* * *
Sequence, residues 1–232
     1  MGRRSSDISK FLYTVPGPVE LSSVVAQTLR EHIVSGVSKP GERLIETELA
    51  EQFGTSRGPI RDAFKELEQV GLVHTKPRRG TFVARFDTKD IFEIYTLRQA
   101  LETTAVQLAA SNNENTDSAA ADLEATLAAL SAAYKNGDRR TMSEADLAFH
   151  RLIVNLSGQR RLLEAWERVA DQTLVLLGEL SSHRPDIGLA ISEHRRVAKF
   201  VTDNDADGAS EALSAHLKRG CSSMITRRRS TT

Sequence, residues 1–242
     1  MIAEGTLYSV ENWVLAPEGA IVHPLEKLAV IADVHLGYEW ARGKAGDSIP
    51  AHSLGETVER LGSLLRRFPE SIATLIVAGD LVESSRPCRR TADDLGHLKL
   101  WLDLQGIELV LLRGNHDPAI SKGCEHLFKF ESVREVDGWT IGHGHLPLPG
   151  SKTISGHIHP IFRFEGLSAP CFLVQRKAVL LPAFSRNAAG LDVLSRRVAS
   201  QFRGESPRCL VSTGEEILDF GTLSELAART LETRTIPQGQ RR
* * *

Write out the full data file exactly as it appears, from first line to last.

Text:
Sequence, residues 1–232
     1  MGRRSSDISK FLYTVPGPVE LSSVVAQTLR EHIVSGVSKP GERLIETELA
    51  EQFGTSRGPI RDAFKELEQV GLVHTKPRRG TFVARFDTKD IFEIYTLRQA
   101  LETTAVQLAA SNNENTDSAA ADLEATLAAL SAAYKNGDRR TMSEADLAFH
   151  RLIVNLSGQR RLLEAWERVA DQTLVLLGEL SSHRPDIGLA ISEHRRVAKF
   201  VTDNDADGAS EALSAHLKRG CSSMITRRRS TT

Sequence, residues 1–242
     1  MIAEGTLYSV ENWVLAPEGA IVHPLEKLAV IADVHLGYEW ARGKAGDSIP
    51  AHSLGETVER LGSLLRRFPE SIATLIVAGD LVESSRPCRR TADDLGHLKL
   101  WLDLQGIELV LLRGNHDPAI SKGCEHLFKF ESVREVDGWT IGHGHLPLPG
   151  SKTISGHIHP IFRFEGLSAP CFLVQRKAVL LPAFSRNAAG LDVLSRRVAS
   201  QFRGESPRCL VSTGEEILDF GTLSELAART LETRTIPQGQ RR